Sunday, December 21, 2014

Another Gate and a Right Angle Serpent

Above: We left off here, the First Serpent Gate, in the previous post.
Below: the Second Gate:

In between, there's a row of stones extending eastward:
There is another possible head stone for yet another possible Serpent with a big, rather long, blocky, rectangular boulder, a large cobble stone ridge on the top, sort of capstone style:
My research assistant ponders the choice of stones, the way they were placed to resemble perhaps culturally important animals, the suggestion of a possible pattern seen in other types of Indigenous media, such as ceramic pottery or bead work, the rhomboidal stones, the undulation in the height of the carefully stacked and fitted row of stones:




The serpent ends like this:
Near these three Outstanding Segments of stacked stones:

Friday, December 19, 2014

Grey Serpent Gateway

Bethlehem CT
     There is a Law (or two) of Parsimony illustrated in the stonework I see around me - and in the photo above. The simplest explanation I can come up with is that the Indigenous People who have been around here for the longest period of time gradually built the majority of the stonework I see, remnants of the Pre-Contact Cultural Landscape. The other law is that it is a lot easier to leave that stonework right where it is and reuse it, modifying it only when there's "no way around it," because building with stone - or just moving stones around - is a lot of hard work. We humans try to avoid that sort of thing.
     Forget what your Stonewall Field Book Identification guide says about this gateway. These are representations in stone of (one of?) the Great Serpents of Indigenous Oral Tradition.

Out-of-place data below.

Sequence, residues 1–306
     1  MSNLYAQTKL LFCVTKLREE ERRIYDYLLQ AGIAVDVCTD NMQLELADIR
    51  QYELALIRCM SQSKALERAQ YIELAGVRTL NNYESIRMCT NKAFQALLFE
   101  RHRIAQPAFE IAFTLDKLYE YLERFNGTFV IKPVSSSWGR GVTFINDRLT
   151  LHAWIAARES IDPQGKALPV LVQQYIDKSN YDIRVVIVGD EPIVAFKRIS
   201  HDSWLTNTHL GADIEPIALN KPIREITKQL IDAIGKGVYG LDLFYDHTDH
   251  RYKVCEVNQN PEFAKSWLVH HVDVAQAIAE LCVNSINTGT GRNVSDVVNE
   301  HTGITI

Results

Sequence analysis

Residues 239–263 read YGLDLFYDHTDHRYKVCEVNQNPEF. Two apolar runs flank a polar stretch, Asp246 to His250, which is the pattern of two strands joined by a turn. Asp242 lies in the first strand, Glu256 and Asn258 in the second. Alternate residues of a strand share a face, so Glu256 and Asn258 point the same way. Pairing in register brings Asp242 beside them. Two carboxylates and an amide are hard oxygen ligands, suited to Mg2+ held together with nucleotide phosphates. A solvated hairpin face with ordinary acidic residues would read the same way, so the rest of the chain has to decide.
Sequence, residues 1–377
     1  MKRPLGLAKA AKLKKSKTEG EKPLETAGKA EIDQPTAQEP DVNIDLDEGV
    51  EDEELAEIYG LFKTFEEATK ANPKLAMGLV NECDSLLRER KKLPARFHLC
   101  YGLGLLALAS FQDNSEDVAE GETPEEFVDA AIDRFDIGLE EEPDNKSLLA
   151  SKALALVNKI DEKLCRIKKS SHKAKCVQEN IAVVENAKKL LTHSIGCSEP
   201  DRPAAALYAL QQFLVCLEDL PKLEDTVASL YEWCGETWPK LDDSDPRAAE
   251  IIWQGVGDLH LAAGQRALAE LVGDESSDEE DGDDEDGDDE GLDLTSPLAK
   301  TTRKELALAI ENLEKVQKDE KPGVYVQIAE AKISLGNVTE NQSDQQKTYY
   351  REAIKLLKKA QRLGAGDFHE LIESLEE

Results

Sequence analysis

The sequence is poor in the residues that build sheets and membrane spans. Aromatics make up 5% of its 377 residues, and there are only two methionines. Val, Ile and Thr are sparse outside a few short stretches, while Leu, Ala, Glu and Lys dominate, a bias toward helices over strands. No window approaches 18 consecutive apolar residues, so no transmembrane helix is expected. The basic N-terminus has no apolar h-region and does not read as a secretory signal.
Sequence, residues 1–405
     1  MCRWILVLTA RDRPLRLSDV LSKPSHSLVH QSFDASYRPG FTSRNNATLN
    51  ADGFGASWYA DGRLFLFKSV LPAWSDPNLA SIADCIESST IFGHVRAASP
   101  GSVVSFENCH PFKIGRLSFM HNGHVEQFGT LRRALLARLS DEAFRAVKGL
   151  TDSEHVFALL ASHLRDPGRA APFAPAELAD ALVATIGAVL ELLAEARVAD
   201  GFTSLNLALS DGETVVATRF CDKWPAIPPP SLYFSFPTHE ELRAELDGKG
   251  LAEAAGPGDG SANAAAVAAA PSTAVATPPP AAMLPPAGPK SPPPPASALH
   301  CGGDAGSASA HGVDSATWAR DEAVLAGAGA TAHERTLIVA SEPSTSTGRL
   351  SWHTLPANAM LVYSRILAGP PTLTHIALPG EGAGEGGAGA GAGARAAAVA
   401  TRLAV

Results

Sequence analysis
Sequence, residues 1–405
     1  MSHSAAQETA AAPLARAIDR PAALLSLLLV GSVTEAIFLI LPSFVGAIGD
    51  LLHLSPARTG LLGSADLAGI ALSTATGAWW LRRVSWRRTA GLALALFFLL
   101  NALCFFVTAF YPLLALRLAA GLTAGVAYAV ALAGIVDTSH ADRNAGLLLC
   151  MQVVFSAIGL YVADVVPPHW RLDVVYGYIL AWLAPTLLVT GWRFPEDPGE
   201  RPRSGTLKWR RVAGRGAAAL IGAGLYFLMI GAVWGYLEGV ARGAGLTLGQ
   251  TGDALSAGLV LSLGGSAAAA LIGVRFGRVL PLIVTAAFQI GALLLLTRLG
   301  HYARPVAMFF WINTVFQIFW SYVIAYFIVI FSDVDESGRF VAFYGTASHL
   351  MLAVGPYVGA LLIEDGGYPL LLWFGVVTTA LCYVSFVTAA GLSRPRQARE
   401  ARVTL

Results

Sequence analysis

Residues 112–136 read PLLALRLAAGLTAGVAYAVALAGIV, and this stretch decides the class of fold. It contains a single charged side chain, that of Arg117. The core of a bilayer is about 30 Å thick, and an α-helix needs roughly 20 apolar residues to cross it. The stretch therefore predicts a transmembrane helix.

I can see you rolling your eyes and thinking, "This man really should be taking some sort of medication because that's not what I was taught," but bear with me a second and take a closer look at that big grey stone in the center of the photo:

(My Research Assistant:)
This stone, this boulder, shows some natural shaping, tumbled around in a glacial event or two, but there also seems to be the touch of a human hand at work on this stone, someone "pecking and polishing," a reductive sculptural technique, emphasizing, quite beautifully, the area around and including the white right eye of this boulder that represents this Serpent's head:



There are more serpents in this little preserve, and I'll show some more in time...

Thursday, December 18, 2014

Which Came First?

The Serpent or the Egg?
Top Left Photo is my enhancement of Norman Muller's original, which can be found here:
These are my photos:
The correct answer is: We don't know. 
We don't know if the Egg Stone was already there.
Except for that last photo, maybe.
But that's a trick question. If you look at that last Serpent, nose to nose, there is no Egg:
Step over to the Serpent's right side and there is still no egg and the Serpent has closed it's eyes:



Tuesday, December 16, 2014

Perspective

Looking at a possible effigy right in front of me, I didn't "get" the one in the distance...

Moving back for a wider view:
Differing Perspectives:

Some of these photos appeared here:

Saturday, December 06, 2014

White-eyed Turtle?

I really just wanted to see where this little road, carved into the landscape, led to. I had an appointment at the bottom of the hill, just off the Old Stone Path as it was called in 1700 and after that I took a little look "up there," above the Interstate, near some power lines.
It was one of those places where there's just enough of a hint of Human Hands enhancing the natural, the suggestion of a stone pathway and some interesting stones, like the big one above, a small white inclusion just where an eye might be found if this stone had at sometime been worked to resemble a high domed box turtle...




Another stone nearby - was it quarried?
By whom, what for and just when, a bit of cement between some remnants of a line of stones, I don't know...